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Jessica Verrilli Headshot

A Bit of the Pixar Magic

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Last week, Ed Catmull, the Founder and President of Pixar, came into the Twitter office to share a few stories and lessons from his 25+ years at Pixar. His talk focused on company culture and was particularly relevant for a rapidly growing start-up like ours.

He spoke for just under an hour, no slides and just a few notes held in hand, to a group of 100+ captivated employees as we sat in our lunch area.

I don't think anyone got up throughout the entire talk. It was fantastic.

These were my favorite points:

The Dynamics of Honesty:

A small group of key people, known as the Magic Four, worked on the first three films at Pixar. They were talented, focused, funny, but most of all, honest. Whether good or bad, they shared notes with one another commenting on their collective work in progress. Part of what made this dynamic functional, Ed noted, was the absence of a power dynamic in the room: no one of the four had control over any of the others so they could each choose the times in which they wanted to heed to a constructive criticism. As a result, in Ed's words, "magic happened."

As companies grow and as teams become larger, it becomes harder to "protect honesty" because a perverse set of incentives emerge. For fear of repercussions, embarrassment, or a host of other reasons, individuals may hesitate to question assumptions or derail momentum on a project by criticizing it. It's not easy to walk away from a project or change course once you've begun, but honest examination of work is imperative to the success of a growing company. To create a culture of honesty, Ed explained, the question to grapple with is not whether or not to be honest -- that's obvious and pointless -- it's what are the blocks to honesty?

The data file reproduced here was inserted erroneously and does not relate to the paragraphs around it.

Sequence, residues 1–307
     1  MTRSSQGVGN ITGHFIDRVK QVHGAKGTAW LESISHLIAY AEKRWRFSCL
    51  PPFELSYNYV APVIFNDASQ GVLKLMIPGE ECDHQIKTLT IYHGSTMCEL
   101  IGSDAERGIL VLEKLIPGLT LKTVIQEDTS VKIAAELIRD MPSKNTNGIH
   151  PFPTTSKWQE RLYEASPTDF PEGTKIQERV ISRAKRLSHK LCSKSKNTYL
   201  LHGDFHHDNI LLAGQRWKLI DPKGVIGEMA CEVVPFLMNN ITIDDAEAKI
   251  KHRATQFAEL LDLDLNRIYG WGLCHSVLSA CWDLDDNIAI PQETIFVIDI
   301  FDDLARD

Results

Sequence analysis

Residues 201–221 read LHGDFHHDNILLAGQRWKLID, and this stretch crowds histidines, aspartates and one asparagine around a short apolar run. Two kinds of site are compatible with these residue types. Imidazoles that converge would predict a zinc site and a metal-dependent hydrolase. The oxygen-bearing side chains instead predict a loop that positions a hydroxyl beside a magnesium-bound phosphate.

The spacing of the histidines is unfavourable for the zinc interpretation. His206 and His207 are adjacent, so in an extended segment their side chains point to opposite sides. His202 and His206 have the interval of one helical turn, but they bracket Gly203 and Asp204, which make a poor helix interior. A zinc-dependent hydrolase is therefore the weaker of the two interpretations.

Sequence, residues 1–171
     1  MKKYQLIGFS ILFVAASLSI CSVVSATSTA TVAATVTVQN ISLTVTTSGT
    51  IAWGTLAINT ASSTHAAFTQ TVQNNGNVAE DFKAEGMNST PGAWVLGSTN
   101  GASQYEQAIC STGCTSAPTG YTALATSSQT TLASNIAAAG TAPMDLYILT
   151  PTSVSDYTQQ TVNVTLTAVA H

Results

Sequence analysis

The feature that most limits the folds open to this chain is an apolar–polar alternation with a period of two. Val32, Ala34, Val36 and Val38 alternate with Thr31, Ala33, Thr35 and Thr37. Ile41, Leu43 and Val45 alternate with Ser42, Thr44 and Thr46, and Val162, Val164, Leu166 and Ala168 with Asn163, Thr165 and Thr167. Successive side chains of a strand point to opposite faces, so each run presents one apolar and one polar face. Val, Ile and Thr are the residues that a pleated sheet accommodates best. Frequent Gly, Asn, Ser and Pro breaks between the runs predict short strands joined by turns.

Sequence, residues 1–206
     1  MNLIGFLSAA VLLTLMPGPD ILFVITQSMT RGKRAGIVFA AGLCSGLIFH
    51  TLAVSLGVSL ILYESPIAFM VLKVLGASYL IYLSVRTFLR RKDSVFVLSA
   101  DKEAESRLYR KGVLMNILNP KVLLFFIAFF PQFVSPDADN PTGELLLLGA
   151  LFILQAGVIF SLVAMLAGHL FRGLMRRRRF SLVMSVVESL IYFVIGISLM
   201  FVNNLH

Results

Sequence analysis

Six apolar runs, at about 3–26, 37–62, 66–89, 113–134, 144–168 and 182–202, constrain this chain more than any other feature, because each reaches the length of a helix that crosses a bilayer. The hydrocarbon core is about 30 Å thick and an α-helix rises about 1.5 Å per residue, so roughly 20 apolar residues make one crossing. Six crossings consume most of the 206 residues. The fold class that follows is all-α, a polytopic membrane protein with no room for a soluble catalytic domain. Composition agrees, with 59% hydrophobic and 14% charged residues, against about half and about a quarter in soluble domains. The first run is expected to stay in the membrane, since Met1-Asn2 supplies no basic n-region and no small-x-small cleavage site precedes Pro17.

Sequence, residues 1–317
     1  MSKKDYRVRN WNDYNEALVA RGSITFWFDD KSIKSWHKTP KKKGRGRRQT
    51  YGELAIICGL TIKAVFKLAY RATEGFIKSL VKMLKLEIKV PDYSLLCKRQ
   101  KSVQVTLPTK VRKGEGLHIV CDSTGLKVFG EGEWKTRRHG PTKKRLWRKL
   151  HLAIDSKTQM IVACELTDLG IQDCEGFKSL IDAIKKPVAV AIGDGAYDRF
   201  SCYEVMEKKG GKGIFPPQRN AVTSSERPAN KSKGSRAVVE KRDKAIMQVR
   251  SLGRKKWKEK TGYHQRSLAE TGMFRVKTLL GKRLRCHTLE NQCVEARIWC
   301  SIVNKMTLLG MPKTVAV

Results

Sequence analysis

Management and Fear of Failure:

Ed mentioned this while explaining that managers are responsible for making sure the dynamics in groups and teams are healthy. It's a "top down corollary" to the common phrase, "better to ask for forgiveness than permission."

Adapting to Change:

There is an ancient golf course outside Calcutta, the story goes, where monkeys constantly disrupt the game by picking up the balls. Fences were no use containing the animals, relocating them didn't work, so eventually people adapted to the circumstances (hence the quote above).

Change is inevitable in any company, I'm sure, but it's particularly front-and-center at a start-up like Twitter. In just the past two years the employee base has grown by more than an order of magnitude while the company, it seems, has been through several distinct life cycles. Organizationally, we've created and grown whole new teams (like sales, marketing, legal and finance) and restructured into functional groups. Physically, we've moved from a quaint space on Bryant Ave with no formal lobby and a single, long lunch table to a multiple floor office on Folsom St with two separate dining areas. Each of these changes, whether significant or superficial, marked a micro transition in the company. All this change can be disorienting. In contrast to most things in life, the company has become less familiar over time. And these are just a few of the many evolutions within Twitter over the last couple of years.

But, frankly, this is exactly what you hope for and dream of when you join a start-up: with some combination of luck, timing, hard work, and instinct, the product takes off and everything grows like crazy. And, by extension, the company changes. It's not without challenges, of course, but as Ed pointed out, you learn to adapt.

Importance of Equality of Teams:


Teams will disagree, often, about priorities or approaches within a company. At Pixar there was a healthy tension between the story and creative teams, finance, technical, etc. Tech companies like Twitter are no different. The key to making this a constructive tension, he explained, is to ensure that no single team always trumps (sales because they're producing the revenue or engineering because they're building the systems, for example).

The Difference Between Stability and Balance:


Stability and balance are often mistakenly equated, Ed said. Companies should seek balance but be comfortable operating in areas which are unstable, risky, or uncertain -- that's where the magic happens.

After his 45 minute talk concluded I asked him a final question. As an executive, I posed, he must juggle many competing responsibilities. Clearly he cares deeply about culture, given the talk he just delivered, but how does that rank vis a vis the many other operational demands and general management responsibilities of running a company?

Without hesitation, he said, "it's the primary thing."

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